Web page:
Re-imagining this post-industrial port
POSTED: DECEMBER 16, 2021 I DESIGN, INFRASTRUCTURE, PARKS AND PUBLIC SPACES
By: Carol Webb
At the peak of marine shipping around the turn of the 20th century, Toronto’s waterfront was bustling with commercial activity. Toronto’s growing demand for port facilities led to extensive lake filling and industrialization of the shoreline. The new inner harbour shoreline — from the Portland Slip in the west to the Port Lands in the east — was studded with marine terminal buildings and a series of ‘slips’, where ships would dock to unload their cargo.
As the movement of goods changed and the city of Toronto evolved, many of these functions were no longer needed and the area became derelict and disconnected from the city. Reconnecting the city to the waterfront has been a focus for Waterfront Toronto since it was created. Over the past two decades, considerable progress has been made transforming these lands into a vibrant and connected waterfront designed to draw people back to the water’s edge and experience one of Toronto’s greatest assets: the lake.
The post-industrial waterfront was lined with disused marine terminals, parking lots and a series of slips that once served the shipping industry. Shown above is East Bayfront, framed by Jarvis Slip on the left and Parliament Slip on the right circa 2005.
In 2006, we hosted a design competition that led to the transformation of Queens Quay West, the Water’s Edge Promenade and the series of WaveDecks at the head of the Spadina, Simcoe and Rees slips. Parliament Slip will be our next focus.
Today’s waterfront includes new parks and public spaces. Seen here is East Bayfront including Canada’s Sugar Beach, Sherbourne Common, Aitken Place Park and the Water’s Edge Promenade. Parliament Slip is on the right side of the image and just visible is the edge of Villiers Island.
Here, at the foot of Parliament Street and a stone's throw to the future Villiers Island and Promontory Park, we can innovate on the beloved WaveDeck concept from the west and create a world-class public destination for swimming, kayaking, boating, entertainment, and dining.
Inspired by the undulating shorelines of the Great Lakes, the WaveDecks are whimsical and dynamic by design. They are built out over the water creating generous new public spaces above and vital fish habitat below.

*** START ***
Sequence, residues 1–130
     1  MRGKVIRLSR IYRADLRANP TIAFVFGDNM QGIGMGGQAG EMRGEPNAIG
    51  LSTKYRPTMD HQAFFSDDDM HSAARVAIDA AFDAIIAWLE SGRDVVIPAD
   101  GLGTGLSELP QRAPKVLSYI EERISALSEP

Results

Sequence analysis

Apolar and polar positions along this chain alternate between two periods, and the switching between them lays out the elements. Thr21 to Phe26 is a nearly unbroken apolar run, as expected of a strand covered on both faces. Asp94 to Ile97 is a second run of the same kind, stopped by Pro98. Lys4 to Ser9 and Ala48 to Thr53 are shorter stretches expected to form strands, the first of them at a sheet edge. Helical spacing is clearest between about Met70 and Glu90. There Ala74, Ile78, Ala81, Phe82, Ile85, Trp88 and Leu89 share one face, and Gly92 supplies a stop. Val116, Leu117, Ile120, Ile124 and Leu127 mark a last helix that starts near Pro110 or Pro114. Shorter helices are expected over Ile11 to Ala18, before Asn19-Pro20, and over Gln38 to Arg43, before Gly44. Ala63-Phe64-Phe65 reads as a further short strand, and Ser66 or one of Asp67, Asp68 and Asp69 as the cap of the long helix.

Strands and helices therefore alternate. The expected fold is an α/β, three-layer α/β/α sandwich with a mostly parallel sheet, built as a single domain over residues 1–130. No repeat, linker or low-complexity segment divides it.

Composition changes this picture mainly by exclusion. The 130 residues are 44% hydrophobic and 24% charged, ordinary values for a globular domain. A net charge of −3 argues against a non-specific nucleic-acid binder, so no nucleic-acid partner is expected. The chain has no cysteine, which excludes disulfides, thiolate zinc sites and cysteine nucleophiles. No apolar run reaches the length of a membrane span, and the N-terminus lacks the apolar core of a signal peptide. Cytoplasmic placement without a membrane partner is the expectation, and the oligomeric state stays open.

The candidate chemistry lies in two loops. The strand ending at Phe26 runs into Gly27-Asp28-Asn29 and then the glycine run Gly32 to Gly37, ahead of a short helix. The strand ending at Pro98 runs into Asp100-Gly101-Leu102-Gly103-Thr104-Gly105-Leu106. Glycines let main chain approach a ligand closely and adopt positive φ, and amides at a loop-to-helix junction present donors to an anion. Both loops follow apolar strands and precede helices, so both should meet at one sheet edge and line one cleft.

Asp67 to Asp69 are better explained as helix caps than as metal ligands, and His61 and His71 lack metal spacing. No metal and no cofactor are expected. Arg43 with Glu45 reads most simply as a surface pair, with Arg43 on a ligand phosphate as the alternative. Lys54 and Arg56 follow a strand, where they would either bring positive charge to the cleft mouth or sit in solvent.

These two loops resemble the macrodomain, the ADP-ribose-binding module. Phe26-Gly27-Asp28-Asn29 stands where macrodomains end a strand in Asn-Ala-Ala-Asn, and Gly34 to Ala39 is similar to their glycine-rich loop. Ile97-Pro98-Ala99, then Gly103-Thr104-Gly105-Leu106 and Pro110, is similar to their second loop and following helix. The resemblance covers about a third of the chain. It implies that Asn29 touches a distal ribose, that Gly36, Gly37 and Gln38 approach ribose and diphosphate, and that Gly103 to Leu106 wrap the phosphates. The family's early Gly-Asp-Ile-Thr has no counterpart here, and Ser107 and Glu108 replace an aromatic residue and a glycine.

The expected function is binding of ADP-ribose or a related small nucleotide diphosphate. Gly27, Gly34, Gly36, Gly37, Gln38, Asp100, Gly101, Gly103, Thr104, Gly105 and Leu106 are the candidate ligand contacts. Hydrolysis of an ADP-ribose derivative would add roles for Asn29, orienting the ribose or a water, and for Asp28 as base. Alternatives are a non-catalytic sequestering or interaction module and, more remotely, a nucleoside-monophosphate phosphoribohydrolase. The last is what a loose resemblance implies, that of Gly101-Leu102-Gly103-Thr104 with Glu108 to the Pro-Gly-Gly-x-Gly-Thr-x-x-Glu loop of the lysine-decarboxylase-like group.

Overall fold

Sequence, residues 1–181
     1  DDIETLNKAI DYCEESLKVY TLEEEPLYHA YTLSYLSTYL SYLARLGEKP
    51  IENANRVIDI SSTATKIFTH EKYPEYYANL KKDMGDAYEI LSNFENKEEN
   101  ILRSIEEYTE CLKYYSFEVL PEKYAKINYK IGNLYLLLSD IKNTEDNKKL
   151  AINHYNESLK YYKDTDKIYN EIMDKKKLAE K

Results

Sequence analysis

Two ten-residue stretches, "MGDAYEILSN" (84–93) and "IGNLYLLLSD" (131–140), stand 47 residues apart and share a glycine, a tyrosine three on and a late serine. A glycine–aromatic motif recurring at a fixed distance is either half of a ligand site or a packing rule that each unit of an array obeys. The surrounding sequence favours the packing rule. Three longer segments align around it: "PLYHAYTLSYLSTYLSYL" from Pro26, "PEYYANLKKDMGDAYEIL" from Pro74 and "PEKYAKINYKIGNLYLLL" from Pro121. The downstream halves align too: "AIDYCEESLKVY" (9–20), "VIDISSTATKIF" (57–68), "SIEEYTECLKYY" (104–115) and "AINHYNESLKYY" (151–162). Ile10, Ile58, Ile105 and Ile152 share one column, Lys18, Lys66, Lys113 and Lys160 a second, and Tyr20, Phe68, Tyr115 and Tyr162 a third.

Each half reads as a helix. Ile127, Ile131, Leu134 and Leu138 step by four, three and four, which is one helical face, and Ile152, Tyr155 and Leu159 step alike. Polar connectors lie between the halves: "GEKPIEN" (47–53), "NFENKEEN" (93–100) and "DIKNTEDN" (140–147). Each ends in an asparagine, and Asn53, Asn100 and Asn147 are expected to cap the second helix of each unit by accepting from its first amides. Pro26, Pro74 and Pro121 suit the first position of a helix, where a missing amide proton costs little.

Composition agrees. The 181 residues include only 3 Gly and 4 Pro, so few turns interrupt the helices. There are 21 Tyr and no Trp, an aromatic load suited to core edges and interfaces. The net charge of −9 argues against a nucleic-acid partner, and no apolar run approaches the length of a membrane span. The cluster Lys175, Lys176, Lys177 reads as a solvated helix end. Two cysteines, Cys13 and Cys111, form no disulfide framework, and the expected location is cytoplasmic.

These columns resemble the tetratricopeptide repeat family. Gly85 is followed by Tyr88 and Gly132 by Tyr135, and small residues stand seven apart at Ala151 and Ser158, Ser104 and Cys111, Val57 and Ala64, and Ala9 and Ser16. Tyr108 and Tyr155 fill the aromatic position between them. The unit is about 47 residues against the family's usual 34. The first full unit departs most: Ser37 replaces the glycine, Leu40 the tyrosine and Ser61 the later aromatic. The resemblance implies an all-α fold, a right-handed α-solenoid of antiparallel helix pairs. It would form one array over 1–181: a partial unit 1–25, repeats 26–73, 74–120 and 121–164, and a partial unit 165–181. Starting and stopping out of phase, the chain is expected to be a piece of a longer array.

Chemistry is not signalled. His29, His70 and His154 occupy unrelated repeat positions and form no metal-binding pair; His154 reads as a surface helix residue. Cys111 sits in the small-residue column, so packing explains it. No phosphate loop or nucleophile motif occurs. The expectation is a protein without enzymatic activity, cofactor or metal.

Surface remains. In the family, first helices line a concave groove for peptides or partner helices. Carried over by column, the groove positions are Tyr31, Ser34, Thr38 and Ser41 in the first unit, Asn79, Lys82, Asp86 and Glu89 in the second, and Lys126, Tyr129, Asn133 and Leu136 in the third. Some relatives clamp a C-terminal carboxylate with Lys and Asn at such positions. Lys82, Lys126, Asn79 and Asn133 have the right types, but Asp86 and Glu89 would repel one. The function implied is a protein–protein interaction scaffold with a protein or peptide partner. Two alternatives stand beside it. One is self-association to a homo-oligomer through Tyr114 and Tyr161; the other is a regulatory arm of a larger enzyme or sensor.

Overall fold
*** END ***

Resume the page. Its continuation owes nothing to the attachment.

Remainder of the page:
The proposed design for Parliament Slip will help connect nearby communities as well as people from across city with the lake and Villiers Island, creating a place where both residents and visitors alike can enjoy a visit to the water’s edge. People will be drawn to the slip to spend the day swimming in an open-air pool, launching a kayak, enjoying a picnic or snack from one of the concessions on the floating dock, or simply watching the theatre of activity in the water.
Although funding is not yet in place, we continue to advance the design. Lots more input is still needed from the public, too! Stay tuned for more information about consultation in 2022.
A Place that Connects: Parliament Slip has potential to become a vibrant public destination and a strong point of connection between the city and Lake Ontario. Rendering: courtesy of West 8 + DTAH
View over the swimming pool looking southeast. Rendering: courtesy of West 8 + DTAH
While a great public amenity will emerge above the water, great aquatic amenities will be added below, including important fish habitat to ensure a healthy underwater ecosystem. Rendering: courtesy of West 8 + DTAH
Parliament Slip will be nestled between a community centre to the west, a park to the east and Water’s Edge Promenade to the south. Rendering: courtesy of West 8 + DTAH
Features of Parliament Slip include Harbour Pools nestled within the WaveDeck, an amphitheater for sitting at the water’s edge, floating dock with concessions and so much more. Rendering: courtesy of West 8 + DTAH